More bodies found in tornado aftermath

Crews smashed holes in concrete slabs and sifted through strewn home goods yesterday as rescuers focused on crumpled stores and apartment complexes in Joplin in a frantic search for survivors of the deadliest single US twister in 60 years.

One team searched through the remains of a Home Depot store, while others searched a Wal-Mart and wrecked apartments as the clock ticked down towards another round of severe stormy weather forecast to hit later in the day.

The massive tornado that ripped through the heart of the blue-collar southwest Missouri city of 50,000 people on Sunday was the deadliest on record in nearly six decades.

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Sam Murphey, a spokesman for governor Jay Nixon's office, said last night that 117 bodies had been found so far.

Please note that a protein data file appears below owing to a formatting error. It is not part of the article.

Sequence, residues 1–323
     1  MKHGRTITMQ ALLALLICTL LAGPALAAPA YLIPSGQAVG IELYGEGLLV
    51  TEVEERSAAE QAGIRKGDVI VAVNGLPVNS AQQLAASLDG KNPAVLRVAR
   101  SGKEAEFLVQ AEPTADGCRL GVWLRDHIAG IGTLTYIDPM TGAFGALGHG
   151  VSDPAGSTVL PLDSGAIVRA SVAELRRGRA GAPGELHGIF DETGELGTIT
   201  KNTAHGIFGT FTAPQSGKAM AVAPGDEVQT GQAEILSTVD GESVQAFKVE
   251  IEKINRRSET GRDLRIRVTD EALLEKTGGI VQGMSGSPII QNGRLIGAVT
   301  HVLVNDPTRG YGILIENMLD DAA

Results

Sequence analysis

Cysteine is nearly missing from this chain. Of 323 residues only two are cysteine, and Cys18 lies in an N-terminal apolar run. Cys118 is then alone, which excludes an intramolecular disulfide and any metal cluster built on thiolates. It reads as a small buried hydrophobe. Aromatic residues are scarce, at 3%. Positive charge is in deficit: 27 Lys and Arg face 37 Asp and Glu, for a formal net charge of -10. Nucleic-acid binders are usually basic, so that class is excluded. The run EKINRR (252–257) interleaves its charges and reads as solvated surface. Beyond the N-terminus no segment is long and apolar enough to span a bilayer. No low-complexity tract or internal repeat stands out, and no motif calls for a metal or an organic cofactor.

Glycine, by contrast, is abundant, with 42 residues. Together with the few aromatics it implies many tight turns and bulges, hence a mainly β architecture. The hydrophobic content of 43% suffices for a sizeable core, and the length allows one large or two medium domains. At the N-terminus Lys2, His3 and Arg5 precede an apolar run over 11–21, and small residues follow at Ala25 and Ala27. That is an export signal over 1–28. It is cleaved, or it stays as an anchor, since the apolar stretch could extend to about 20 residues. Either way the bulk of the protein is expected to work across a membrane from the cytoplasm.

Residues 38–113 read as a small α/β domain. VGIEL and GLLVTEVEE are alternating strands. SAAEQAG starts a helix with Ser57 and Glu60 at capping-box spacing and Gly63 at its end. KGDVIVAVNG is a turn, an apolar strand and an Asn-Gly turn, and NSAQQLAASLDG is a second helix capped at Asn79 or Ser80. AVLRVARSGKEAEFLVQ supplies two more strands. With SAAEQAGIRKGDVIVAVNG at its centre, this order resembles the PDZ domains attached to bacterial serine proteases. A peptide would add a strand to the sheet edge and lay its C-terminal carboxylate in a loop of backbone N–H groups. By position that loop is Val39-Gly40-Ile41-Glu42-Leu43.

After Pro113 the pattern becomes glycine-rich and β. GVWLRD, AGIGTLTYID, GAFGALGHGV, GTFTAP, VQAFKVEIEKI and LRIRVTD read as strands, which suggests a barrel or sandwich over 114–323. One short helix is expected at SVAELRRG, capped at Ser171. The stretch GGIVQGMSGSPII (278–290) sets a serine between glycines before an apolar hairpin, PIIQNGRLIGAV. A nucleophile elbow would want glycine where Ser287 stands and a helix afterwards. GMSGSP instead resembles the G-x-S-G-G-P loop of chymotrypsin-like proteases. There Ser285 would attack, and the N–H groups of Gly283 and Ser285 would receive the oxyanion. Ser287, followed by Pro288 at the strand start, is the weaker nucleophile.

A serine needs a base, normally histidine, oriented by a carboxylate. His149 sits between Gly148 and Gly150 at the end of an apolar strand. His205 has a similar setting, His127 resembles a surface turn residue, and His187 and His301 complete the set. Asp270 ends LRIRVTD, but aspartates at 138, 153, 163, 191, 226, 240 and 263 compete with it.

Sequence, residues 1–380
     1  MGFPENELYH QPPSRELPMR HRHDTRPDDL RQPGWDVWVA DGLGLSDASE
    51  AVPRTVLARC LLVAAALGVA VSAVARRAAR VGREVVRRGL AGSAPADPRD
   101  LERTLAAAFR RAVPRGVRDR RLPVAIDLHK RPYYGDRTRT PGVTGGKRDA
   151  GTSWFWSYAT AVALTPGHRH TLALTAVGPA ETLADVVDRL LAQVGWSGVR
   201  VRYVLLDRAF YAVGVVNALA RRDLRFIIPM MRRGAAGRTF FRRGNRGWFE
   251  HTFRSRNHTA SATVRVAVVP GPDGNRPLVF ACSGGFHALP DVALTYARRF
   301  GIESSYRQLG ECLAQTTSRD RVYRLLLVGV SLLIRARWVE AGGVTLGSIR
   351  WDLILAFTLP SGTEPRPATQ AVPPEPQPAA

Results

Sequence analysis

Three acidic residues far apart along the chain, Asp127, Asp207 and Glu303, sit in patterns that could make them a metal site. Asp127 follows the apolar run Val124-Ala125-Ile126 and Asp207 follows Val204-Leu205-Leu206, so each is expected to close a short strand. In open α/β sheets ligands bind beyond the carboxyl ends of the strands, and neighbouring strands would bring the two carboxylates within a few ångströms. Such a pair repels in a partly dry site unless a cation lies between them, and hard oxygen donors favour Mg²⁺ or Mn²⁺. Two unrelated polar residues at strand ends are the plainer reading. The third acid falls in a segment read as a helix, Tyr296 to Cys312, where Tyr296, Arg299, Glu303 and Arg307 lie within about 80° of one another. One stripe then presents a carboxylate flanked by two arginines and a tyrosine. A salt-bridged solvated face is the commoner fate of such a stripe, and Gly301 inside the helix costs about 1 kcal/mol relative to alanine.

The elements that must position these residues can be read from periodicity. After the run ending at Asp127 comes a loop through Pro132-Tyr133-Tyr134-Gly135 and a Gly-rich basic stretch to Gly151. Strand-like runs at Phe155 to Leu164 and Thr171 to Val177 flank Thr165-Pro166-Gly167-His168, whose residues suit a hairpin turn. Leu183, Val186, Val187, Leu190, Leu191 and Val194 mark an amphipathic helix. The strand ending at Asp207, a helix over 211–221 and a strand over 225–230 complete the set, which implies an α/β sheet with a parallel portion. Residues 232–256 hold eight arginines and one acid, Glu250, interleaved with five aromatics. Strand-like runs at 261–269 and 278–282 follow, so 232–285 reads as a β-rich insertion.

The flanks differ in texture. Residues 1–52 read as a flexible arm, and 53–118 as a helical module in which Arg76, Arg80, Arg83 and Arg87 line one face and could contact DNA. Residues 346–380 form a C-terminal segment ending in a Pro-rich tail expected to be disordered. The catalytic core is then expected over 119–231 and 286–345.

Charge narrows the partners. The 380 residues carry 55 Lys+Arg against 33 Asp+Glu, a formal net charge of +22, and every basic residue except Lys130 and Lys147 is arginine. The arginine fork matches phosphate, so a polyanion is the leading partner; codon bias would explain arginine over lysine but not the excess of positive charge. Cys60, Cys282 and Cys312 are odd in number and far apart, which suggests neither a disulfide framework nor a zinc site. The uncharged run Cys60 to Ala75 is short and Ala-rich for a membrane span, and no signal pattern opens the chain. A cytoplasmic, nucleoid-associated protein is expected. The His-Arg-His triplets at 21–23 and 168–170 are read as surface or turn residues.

Rescuers discovered seven bodies under one concrete slab, officials said. Team leader Doug Westhoff said workers had searched as much of the store's interior as they could and were now focussing on what was under the concrete panels. Holes will be drilled and specialist dogs brought in to try and detect human scent.

Speaking from London, President Barack Obama said he would travel to Missouri on Sunday to meet with people whose lives have been affected by the twister. He vowed to make all federal resources available for efforts to recover and rebuild.

"The American people are by your side," he said. "We're going to stay there until every home is repaired, until every neighbourhood is rebuilt, until every business is back on its feet."

The Federal Emergency Management Agency has raised the warning for severe weather in central Oklahoma, southern Kansas and north Texas.